• Assist the kids in creating a spreadsheet titled “Scale, Size, and Distance.” The class determines the diameter of the Earth on the scale. They are choosing the size of the solar system by utilizing proportions and ratios. The actual diameter is proportional to the scaled distance away from the Sun. Scale diameter to accurate diameter equals scale distance from Sun. Students can solve equations using a planet’s diameter, space, and Earth’s scale diameter. Create a calculator function. =(B5*E5)/D5 divides Earth’s scale diameter (B5) and distance from the Sun (E5) by Earth’s actual diameter (D5). Students must rearrange proportional ratios and develop functions using Earth’s scale diameter to calculate other planets’ diameters. Changing Earth’s scale diameter recalculates other planets’ scales. Students can develop a spreadsheet to compute planet diameter and distance with the below equation. Mars’ scale diameter is obtained by dividing Earth’s scale diameter (B5) by Earth’s actual diameter (D5). Earth’s diameter and proportionate ratios are used to find planetary distances. Planet distance/earth diameter = scaled planet distance/earth diameter. Draw giant circles with a ruler, compass, rope, or protractor. Planets can be colored. Right-click the Sun (the playground’s center) and click “measure distance” Zooming may be needed to see distances. Depending on the scale model, gas and ice giants may be off-campus. Students should choose a map location far from the Sun in this situation (e.g., a park or a neighborhood store).

2. Create your scale model. After doing the necessary measurements, It’s time to put your model together! Creating and displaying a scale solar system is possible in various methods. Consider drawing up a blueprint for your model before you begin building. Make sure each part is as close to the original as possible. When taking measurements, use a tape measure or a ruler to ensure that each one is accurate. Your plan will assist you in getting ready for the construction of each component of your car and will provide you with a preview of what the completed result will look like.

3. Each planet should be painted using the correct color closely related to the description of a world. Make sure to apply several coats to each Styrofoam or other material. As far as possible, arrange the pieces to appear like the natural solar system. Glue all your parts together according to your drawing on paper. Let the model dry out for a few hours before moving on to the next step in your plan.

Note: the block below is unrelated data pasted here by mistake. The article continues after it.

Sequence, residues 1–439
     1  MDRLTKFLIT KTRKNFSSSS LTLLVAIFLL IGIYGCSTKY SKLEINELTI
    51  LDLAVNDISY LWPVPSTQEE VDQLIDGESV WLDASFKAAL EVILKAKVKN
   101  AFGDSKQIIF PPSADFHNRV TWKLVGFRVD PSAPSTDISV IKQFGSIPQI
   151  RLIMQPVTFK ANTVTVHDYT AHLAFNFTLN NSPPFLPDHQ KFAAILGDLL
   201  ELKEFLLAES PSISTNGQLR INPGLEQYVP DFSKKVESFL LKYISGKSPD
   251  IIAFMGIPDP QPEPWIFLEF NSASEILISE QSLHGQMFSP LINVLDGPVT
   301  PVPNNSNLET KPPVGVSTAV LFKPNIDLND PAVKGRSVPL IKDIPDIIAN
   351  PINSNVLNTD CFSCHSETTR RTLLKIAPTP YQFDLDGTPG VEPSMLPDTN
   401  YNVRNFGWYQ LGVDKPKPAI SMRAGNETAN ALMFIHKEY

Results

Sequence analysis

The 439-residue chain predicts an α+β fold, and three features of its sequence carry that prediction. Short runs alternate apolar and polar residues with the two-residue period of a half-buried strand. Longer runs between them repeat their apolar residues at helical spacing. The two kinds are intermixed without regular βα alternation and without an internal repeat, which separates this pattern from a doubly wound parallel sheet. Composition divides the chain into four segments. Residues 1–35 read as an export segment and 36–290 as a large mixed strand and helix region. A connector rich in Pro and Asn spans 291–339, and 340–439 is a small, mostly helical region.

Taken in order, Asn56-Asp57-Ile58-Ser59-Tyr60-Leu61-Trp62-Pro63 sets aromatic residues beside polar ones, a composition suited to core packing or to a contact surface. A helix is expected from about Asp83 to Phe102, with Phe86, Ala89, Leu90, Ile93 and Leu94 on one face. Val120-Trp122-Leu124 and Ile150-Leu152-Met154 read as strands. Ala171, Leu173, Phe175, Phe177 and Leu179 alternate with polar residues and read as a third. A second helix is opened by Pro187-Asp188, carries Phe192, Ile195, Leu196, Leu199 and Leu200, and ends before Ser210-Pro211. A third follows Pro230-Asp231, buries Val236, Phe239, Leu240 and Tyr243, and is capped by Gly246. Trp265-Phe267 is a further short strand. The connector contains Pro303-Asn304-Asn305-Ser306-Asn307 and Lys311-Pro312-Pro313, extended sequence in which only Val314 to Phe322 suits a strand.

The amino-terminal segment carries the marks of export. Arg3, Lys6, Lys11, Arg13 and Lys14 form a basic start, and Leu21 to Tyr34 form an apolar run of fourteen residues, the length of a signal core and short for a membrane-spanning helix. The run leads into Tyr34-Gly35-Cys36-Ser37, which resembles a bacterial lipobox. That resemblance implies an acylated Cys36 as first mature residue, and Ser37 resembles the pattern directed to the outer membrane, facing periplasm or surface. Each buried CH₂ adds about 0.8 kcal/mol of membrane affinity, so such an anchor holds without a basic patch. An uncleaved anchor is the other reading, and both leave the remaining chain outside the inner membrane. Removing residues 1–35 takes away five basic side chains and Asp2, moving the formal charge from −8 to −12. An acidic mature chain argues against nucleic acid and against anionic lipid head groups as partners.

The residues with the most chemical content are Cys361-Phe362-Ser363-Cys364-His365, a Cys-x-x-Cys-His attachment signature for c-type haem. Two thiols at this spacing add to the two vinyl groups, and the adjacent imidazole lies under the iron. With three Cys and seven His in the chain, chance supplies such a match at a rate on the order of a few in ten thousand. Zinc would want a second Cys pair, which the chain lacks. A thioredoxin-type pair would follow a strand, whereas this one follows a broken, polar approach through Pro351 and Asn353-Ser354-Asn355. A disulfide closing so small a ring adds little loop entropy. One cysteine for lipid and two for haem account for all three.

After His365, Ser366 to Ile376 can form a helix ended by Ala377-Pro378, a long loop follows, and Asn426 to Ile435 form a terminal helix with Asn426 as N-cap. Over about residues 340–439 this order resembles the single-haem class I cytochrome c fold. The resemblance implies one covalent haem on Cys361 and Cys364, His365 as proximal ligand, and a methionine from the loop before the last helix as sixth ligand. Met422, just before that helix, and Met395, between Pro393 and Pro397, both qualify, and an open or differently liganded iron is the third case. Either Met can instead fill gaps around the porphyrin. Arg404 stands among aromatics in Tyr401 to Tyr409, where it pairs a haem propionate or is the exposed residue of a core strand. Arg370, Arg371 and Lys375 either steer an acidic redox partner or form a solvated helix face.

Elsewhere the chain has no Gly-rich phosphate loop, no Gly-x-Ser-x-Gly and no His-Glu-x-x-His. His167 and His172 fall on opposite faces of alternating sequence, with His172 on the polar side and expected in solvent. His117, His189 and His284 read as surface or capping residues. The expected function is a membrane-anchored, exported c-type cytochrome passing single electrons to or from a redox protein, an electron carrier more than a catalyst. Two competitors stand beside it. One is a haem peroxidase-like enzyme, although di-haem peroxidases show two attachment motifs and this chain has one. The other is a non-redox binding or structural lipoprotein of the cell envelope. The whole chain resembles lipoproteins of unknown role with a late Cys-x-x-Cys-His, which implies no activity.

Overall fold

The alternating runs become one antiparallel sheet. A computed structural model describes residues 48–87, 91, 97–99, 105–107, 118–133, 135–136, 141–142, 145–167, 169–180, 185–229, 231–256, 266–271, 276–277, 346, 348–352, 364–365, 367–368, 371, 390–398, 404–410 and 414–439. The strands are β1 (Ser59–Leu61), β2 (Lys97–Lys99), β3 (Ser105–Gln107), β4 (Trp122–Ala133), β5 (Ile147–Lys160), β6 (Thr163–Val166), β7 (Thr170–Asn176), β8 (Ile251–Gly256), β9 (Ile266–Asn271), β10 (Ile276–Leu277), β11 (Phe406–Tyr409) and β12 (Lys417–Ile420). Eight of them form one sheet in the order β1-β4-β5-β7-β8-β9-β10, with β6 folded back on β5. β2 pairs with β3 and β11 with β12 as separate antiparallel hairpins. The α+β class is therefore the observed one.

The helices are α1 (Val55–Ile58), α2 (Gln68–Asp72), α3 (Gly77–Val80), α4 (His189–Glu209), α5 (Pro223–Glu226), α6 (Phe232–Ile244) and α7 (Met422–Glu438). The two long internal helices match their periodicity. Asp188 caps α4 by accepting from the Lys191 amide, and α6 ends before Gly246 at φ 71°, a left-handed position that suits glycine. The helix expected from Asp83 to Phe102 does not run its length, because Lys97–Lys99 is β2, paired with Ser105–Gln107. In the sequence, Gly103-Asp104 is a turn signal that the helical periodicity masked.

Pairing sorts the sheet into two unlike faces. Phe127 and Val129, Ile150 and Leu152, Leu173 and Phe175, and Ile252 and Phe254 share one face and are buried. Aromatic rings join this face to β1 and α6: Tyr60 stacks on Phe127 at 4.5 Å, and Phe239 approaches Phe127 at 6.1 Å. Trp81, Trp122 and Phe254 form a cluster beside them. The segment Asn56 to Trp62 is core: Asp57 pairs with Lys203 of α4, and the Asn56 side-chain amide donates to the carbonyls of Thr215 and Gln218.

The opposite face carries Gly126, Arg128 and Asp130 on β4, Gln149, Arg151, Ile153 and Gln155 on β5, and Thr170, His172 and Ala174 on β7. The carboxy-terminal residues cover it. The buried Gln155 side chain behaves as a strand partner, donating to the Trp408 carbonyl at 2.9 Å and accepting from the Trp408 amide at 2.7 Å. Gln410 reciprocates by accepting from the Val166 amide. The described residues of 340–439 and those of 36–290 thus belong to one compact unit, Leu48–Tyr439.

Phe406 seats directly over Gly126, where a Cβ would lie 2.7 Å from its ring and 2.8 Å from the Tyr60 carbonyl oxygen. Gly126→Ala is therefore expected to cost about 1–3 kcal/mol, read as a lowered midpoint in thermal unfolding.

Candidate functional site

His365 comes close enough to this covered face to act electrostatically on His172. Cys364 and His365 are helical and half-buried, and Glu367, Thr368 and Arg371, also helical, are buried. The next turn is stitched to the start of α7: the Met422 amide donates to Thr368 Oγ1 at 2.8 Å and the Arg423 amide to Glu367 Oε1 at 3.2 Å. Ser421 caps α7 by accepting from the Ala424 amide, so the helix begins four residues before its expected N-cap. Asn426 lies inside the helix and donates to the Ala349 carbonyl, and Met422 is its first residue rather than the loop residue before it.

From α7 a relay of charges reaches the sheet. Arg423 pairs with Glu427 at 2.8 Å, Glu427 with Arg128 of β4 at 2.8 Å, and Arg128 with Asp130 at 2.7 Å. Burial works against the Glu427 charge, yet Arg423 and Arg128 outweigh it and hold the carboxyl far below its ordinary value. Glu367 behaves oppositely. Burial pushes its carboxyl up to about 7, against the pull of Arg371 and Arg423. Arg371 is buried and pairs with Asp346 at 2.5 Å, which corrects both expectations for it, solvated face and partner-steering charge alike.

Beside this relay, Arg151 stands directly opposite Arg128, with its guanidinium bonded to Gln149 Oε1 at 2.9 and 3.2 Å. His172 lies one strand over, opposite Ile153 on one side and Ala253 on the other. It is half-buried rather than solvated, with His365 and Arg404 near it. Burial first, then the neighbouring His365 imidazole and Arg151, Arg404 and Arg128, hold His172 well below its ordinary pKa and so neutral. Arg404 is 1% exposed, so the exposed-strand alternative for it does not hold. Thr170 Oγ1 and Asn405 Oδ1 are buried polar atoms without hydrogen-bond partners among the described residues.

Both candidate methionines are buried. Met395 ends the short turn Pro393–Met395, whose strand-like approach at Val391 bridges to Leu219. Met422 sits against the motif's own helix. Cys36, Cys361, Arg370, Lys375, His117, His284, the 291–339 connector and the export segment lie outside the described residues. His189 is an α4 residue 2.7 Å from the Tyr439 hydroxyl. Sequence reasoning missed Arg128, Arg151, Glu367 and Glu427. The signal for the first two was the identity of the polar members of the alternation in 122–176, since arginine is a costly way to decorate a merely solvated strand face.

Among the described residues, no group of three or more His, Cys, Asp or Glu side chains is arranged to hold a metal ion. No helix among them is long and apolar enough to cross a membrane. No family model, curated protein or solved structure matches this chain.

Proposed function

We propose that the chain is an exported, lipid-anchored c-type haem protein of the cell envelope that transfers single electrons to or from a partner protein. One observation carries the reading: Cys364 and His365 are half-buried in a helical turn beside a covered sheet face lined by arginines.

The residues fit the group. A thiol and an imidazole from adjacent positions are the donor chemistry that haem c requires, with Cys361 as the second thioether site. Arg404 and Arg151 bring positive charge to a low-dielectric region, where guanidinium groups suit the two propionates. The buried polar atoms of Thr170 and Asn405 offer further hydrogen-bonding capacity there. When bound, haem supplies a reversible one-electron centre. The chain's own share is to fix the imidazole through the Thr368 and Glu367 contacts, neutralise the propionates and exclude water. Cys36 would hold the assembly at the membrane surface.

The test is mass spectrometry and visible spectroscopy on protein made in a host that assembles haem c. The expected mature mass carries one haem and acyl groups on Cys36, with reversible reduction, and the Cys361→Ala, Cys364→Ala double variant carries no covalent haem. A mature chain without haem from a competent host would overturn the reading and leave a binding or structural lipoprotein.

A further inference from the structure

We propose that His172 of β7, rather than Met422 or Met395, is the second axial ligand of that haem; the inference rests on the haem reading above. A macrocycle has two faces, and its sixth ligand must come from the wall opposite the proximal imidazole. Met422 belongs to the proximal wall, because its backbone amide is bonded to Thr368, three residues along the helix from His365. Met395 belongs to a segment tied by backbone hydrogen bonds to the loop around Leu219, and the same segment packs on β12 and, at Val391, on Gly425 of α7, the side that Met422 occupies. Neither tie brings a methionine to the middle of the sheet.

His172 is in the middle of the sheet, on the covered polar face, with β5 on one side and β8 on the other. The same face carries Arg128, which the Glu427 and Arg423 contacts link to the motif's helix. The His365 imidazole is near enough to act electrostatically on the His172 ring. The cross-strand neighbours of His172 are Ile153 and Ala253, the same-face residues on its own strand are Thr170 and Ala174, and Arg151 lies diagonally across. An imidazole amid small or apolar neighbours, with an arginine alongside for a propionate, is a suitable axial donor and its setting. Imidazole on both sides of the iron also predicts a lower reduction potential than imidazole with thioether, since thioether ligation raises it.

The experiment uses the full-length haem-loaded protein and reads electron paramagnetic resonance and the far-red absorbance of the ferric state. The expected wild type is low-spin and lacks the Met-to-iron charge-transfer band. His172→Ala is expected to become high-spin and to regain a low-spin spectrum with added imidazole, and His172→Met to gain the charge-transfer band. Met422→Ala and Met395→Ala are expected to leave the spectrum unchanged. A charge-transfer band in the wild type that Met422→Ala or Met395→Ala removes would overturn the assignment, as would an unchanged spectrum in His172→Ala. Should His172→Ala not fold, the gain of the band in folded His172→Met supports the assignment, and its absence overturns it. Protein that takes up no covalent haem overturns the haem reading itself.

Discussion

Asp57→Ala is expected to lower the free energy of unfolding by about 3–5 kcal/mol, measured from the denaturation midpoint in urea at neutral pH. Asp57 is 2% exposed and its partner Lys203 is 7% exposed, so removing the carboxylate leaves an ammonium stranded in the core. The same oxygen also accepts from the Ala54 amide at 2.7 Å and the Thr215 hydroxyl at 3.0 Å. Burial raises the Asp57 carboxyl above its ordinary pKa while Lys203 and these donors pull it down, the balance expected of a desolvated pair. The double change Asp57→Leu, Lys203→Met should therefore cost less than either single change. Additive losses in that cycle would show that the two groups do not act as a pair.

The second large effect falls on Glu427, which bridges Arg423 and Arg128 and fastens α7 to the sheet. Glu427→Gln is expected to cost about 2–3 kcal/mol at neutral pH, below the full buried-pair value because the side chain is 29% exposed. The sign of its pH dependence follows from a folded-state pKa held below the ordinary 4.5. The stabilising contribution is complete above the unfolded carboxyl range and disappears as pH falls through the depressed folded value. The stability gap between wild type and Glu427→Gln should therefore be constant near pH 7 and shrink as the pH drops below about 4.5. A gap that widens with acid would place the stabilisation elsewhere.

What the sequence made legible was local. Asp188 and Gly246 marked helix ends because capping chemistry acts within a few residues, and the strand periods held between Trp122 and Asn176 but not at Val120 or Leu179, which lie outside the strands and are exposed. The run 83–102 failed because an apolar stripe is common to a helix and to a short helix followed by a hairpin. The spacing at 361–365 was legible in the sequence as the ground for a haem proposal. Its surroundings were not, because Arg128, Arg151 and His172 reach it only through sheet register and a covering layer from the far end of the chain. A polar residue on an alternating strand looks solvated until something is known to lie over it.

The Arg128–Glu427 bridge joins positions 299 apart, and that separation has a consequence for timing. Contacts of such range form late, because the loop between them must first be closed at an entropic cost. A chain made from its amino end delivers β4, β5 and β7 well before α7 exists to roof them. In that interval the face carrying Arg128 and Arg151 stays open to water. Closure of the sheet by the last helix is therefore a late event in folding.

4. Display your solar system scale model. Pop in each of the planets’ balls with a cocktail stick, ensuring enough is sticking out to force them into the ground. Be cautious when manipulating the stick on the smaller planets. Use a clear plastic or card and PVA glue to adhere various-sized stone chips onto the surface to produce the asteroid belt effect. Anchor the tape measure with a barbecue skewer at one end of a long, clear, level patch of ground. Plop down the Sun in some nearby greenery as soon as you’ve measured 10 meters. Ensure you push into the ground while gripping the stick, not the ball. If it’s windy, each stick will keep the planets and the Sun in place.

When you build this model around your playground, some of your friends will be closer together than others when you develop a solar system distance model. Some of your pals will have to stand quite close together, while others will be far enough away to have difficulty hearing what you have to say! It’s easy to observe that Jupiter and Saturn are enormous compared to the other planets. Earth and Mars are the closest inner planets to the Sun and each other, whereas Mercury, Venus, and Earth are the farthest from the Sun and the other planets. The solar system’s composition is not uniformly distributed. The Sun, Jupiter, Saturn, Uranus, and Neptune are responsible for most objects in the solar system. This project will let your students realize that we live on a little dot in the universe.